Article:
I just have to cut back on talking to NPCs.

Finding attractive people attractive...

is, like, so last millenium. Ordinariness is like, totally the new red hot.

Move aside, sex symbols like Meghan Fox and Brad Pit. The new players are Kathy Bates and William H. Macy.

Pass the word along. The revolution's gotta start.

Have blogs on GameSpot taken away from the discussion on GGD?

I was thinking about how there are relatively few regulars that post new topics to GGD, they either link to news or just respond to what topics other users bring up, and I wonder if the reason is due to journals being a feature on GameSpot. I mean, if I recall, a lot of what used to be posted on GGD was fairly personal in nature; one person would be playing through a game that was a couple years old, and they'd relate their experiences in a GGD post. Now, that sort of thing usually ends up with a blog post. I do having a blog, but I wonder if we're making a mistake by putting our game-related experiences on our blogs instead of the game boards.

I'm starting to think I should reserve my blog for rants, and post anything game-related thoughts to GGD.

The Bs: Batman and Beatles.

I picked up these two games at once, and I must say that they're both highly impressive in their own ways.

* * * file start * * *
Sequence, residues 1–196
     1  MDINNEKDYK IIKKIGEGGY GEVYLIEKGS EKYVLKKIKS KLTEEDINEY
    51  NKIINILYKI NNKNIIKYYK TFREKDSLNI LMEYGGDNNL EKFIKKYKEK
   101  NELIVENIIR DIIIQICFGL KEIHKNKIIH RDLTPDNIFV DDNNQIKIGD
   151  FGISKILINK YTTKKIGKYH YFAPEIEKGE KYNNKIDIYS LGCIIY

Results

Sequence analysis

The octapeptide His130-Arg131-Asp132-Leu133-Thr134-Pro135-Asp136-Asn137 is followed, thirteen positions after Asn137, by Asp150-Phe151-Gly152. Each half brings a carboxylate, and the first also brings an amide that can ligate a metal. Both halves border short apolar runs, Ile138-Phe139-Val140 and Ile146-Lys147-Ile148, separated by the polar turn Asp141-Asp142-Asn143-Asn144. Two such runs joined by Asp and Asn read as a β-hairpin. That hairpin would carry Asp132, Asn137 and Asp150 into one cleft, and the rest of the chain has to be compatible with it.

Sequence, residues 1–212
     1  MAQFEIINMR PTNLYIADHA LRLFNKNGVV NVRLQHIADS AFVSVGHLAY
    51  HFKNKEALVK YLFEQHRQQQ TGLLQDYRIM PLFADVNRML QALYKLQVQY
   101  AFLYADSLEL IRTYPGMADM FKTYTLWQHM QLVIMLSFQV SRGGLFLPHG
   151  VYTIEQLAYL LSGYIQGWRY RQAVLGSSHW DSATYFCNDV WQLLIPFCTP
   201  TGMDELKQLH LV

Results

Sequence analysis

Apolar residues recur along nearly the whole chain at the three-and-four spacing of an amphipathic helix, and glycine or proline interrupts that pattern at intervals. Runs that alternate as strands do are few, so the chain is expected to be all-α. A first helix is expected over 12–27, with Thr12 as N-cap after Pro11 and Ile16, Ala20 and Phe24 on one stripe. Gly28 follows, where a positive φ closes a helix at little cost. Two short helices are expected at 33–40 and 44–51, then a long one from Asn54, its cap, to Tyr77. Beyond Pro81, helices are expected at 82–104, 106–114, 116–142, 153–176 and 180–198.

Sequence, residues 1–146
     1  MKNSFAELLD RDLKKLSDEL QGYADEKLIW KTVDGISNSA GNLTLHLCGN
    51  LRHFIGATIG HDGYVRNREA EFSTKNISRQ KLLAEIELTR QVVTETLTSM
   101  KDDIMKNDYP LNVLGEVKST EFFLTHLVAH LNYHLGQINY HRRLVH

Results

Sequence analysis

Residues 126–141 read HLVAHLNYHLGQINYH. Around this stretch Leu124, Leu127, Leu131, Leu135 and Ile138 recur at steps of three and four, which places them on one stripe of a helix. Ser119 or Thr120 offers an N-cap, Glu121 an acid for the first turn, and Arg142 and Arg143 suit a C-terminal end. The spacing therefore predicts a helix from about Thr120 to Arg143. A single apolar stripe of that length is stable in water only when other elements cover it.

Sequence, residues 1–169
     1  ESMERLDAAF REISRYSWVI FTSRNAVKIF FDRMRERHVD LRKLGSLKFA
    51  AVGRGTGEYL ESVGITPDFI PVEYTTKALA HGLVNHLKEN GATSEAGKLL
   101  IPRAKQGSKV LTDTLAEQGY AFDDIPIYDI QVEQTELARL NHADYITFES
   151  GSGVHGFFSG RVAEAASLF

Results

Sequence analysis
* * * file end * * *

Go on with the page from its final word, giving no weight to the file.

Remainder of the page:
The situtation is this with Rock Band; I bought the original when the PS2 version was on sale, but later when I bought the PS3, I found out the instruments, but not the game were compatible, so I have not delved too deeply into the formula. Granted, I have played Guitar Hero I and II fairly extensively, but what's nice about this one is that I really like the whole track list. The Beatles strayed into a wide variety of musical territory, but what they had, beside their basic musical genuity, was accessibility. It's hard not to like them whether the song is blues, do-wop pop, a pre-cursor to hard rock or psychedelic rock. I'm also starting to make the transition from normal to hard on guitar... a perilous transition, due to the sheer mind-twisting power of relocating your hand on the frets, but I think the reported reduced difficulty of this one has helped. If I can master hard on Beatles, I can probably survive it on other ones. Singing is fun, though it's hard to find the middle ground between the way I want to sing, and the way the game wants me to sing it.